The Supreme Court of Canada rendered judgment in two cases,
granted leave in one case and refused leave in three cases of
interest to Canadian business and professions.
In La Souveraine, Compagnie d'assurance
générale v. Autorité des marchés
financiers, 2013 SCC 63, the Supreme Court of Canada, in
upholding the conviction of an insurance company for offences under
the Act Respecting the Distribution of Financial Products and
Services, reaffirmed that strict liability offences do not
generally require proof of mens rea. Moreover, the Supreme
Court of Canada ruled that although a due diligence defence is
available in the regulatory context for defendants who reasonably
believe in a mistaken set of facts, a mistake of law cannot, on the
other hand, serve as a valid defence to a strict liability offence
absent an officially induced error.
In Katz Group Canada Inc. v. Ontario (Health and
Long-Term Care), 2013 SCC 64, the Supreme Court of Canada
unanimously upheld the validity of regulations prohibiting
pharmacies from selling "private label" prescription
drugs. The Supreme Court of Canada ruled that the regulations
were consistent with the objective of their respective enabling
statutes, which the Court stated should be interpreted
In Government of Saskatchewan v. Precision
Contractors Ltd., the Supreme Court of Canada denied leave to
appeal a decision holding that a class action proceeding, rather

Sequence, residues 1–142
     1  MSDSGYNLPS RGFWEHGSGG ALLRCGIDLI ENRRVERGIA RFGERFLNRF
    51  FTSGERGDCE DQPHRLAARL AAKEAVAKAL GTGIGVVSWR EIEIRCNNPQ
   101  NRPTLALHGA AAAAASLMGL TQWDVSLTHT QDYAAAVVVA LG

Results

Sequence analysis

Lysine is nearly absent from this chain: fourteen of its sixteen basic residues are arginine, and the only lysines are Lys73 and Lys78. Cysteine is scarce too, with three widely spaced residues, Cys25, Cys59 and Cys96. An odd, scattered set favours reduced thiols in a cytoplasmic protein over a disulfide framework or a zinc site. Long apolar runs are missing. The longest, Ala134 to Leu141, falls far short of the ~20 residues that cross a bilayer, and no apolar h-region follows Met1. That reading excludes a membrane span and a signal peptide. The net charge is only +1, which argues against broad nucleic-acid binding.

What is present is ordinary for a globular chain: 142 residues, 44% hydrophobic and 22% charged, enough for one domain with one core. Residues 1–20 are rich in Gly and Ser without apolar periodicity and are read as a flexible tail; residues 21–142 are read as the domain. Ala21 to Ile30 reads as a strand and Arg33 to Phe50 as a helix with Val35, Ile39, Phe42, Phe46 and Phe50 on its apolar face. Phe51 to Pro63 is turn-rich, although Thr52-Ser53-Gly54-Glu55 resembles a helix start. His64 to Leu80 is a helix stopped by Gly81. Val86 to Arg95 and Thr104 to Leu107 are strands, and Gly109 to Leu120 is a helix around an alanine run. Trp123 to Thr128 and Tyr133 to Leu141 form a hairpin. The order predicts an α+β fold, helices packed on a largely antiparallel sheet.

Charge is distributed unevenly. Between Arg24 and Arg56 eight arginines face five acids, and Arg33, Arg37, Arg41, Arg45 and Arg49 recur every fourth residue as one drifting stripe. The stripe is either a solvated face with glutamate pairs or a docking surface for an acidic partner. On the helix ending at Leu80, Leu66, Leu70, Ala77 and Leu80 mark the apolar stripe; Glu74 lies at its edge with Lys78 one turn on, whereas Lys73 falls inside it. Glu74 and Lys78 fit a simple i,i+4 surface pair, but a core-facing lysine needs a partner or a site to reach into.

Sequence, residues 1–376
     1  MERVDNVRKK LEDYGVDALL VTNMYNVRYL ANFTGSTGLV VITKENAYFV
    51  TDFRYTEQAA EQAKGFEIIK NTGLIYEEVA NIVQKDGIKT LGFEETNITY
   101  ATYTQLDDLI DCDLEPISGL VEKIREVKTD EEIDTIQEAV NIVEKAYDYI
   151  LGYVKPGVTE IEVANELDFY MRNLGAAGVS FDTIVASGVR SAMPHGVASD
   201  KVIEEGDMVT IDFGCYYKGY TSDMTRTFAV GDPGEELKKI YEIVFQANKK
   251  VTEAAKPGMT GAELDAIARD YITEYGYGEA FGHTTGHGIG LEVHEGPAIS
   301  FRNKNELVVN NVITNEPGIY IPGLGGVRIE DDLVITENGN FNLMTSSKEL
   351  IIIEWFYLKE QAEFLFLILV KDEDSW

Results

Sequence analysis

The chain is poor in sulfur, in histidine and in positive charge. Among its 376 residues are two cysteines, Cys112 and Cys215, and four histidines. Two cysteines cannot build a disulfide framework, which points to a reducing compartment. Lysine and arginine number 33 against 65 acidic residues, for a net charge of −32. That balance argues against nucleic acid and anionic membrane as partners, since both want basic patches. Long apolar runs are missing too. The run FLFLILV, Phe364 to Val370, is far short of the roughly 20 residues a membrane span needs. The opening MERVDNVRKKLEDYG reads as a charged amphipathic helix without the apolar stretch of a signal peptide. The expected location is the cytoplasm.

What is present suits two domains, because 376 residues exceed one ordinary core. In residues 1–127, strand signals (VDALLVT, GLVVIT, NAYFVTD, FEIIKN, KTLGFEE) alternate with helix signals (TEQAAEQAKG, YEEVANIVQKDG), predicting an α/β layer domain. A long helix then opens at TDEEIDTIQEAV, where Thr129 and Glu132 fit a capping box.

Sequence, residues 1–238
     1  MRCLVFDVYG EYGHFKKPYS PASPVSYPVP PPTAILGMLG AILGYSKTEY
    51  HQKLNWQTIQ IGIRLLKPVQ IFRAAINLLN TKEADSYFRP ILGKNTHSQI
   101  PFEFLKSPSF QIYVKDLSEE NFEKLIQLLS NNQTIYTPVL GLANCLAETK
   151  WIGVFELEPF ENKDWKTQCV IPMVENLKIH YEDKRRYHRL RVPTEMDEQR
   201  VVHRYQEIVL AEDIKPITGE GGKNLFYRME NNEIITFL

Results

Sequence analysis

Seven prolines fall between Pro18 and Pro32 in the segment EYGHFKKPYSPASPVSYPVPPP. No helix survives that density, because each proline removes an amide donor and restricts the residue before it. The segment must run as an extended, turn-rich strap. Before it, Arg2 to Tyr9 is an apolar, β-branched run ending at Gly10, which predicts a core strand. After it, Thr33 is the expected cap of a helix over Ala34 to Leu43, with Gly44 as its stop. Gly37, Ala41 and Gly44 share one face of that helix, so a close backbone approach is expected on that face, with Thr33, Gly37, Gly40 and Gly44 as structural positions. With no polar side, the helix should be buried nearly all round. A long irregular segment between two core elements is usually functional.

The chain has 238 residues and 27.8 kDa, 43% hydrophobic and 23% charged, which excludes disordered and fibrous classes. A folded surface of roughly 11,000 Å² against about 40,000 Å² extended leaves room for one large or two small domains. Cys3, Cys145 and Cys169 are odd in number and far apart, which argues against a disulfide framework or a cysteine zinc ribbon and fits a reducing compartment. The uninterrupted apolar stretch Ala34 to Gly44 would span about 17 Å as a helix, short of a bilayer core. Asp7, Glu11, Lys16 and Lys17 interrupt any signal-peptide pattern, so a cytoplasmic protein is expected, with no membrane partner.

than a judicial review proceeding, is the preferable procedure for
challenging the constitutionality of a tax statute.
The Supreme Court of Canada also refused leave to appeal in Weyerhaeuser Company Limited v.
Lacey– a case involving the legalprinciples
surrounding the vesting of group health benefits for retirees.
It's not often that our little blog intersects with such titanic struggles as the U.S. presidential race – and by using the term "titanic" I certainly don't mean to suggest that anything disastrous is in the future.
J.J. v. C.C., is an interesting case in which the court held that an automotive garage owes a duty to minor children to secure the vehicles on the premises by locking the cars and safely storing the car keys...
In Irwin v. Alberta Veterinary Medical Association, 2015 ABCA 396, the Alberta Court of Appeal found that the "ABVMA" failed to afford procedural fairness to a veterinarian undergoing an incapacity assessment.
Register for Access and our Free Biweekly Alert for
This service is completely free. Access 250,000 archived articles from 100+ countries and get a personalised email twice a week covering developments (and yes, our lawyers like to think you’ve read our Disclaimer).